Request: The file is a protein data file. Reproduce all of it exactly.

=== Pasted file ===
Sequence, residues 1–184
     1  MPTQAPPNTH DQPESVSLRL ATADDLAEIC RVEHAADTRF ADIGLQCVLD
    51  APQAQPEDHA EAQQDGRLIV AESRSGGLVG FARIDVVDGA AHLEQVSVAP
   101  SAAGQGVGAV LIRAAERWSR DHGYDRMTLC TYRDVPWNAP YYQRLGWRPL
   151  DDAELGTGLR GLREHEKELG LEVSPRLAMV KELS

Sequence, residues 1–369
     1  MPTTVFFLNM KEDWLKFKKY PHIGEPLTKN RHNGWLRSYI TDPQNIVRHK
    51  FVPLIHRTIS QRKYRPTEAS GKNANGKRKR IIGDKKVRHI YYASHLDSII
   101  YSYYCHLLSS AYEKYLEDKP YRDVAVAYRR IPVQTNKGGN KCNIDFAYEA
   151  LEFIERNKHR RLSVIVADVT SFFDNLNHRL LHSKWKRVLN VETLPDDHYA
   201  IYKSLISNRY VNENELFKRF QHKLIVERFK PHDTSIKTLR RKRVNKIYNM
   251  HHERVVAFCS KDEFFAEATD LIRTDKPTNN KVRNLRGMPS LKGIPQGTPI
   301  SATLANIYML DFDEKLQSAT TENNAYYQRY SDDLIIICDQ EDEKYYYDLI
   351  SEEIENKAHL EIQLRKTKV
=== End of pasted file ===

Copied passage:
Sequence, residues 1–184
     1  MPTQAPPNTH DQPESVSLRL ATADDLAEIC RVEHAADTRF ADIGLQCVLD
    51  APQAQPEDHA EAQQDGRLIV AESRSGGLVG FARIDVVDGA AHLEQVSVAP
   101  SAAGQGVGAV LIRAAERWSR DHGYDRMTLC TYRDVPWNAP YYQRLGWRPL
   151  DDAELGTGLR GLREHEKELG LEVSPRLAMV KELS

Sequence, residues 1–369
     1  MPTTVFFLNM KEDWLKFKKY PHIGEPLTKN RHNGWLRSYI TDPQNIVRHK
    51  FVPLIHRTIS QRKYRPTEAS GKNANGKRKR IIGDKKVRHI YYASHLDSII
   101  YSYYCHLLSS AYEKYLEDKP YRDVAVAYRR IPVQTNKGGN KCNIDFAYEA
   151  LEFIERNKHR RLSVIVADVT SFFDNLNHRL LHSKWKRVLN VETLPDDHYA
   201  IYKSLISNRY VNENELFKRF QHKLIVERFK PHDTSIKTLR RKRVNKIYNM
   251  HHERVVAFCS KDEFFAEATD LIRTDKPTNN KVRNLRGMPS LKGIPQGTPI
   301  SATLANIYML DFDEKLQSAT TENNAYYQRY SDDLIIICDQ EDEKYYYDLI
   351  SEEIENKAHL EIQLRKTKV